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A Nigerien blogger visits villages in Niger, investigating whether child mortality rates have improved since the commitment to the MDGs in 2000.
The United Nations Children's Fund (Unicef) collaborated with Nigerien blogger Halima Laoual Bachir to produce this blog-style video, in time for the launch of their report looking at whether governments are achieving their Millennium Development Goals (MDGs) on child mortality rates.
Nearly 50-million lives saved since 2000; millions more can be saved by 2030: Unicef report
Unicef has launched a study, A Promise Renewed: 2015 Progress Report, which shows that since 2000, when governments committed to achieving the MDGs, the lives of 48-million children under the age of five have been saved. Some of the world’s poorest countries have demonstrated that substantial reductions in child mortality can be achieved despite formidable obstacles.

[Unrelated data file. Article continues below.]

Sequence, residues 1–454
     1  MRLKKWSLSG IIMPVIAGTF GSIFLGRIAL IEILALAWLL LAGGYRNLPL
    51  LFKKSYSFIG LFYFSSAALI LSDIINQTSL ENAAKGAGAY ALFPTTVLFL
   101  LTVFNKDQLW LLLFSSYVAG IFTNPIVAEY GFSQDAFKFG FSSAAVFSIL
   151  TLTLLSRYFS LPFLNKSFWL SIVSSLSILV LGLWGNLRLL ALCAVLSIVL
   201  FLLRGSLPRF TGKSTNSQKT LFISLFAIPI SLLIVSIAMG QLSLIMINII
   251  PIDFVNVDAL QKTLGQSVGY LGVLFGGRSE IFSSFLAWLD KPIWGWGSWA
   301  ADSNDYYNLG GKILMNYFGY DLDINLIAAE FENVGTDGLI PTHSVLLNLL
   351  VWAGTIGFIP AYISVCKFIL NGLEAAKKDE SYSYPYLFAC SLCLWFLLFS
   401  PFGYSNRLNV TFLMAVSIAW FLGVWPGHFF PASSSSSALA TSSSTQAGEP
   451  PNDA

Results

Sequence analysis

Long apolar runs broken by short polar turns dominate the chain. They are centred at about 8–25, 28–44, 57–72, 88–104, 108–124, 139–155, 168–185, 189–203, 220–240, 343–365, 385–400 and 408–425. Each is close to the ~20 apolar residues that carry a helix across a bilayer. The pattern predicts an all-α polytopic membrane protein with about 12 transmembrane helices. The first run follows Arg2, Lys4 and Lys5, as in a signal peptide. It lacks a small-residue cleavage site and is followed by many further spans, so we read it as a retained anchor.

This remarkable progress is the result of sustained action by leaders to make saving children’s lives a policy and a political priority, to improve and use data about child survival, and to scale up proven interventions, the report says.
The number of children who die from mostly preventable causes before they turn five now stands at 5.9-million a year – a 53% drop since 1990.
Some of the world’s poorest countries have demonstrated that substantial reductions in child mortality can be achieved despite formidable obstacles.
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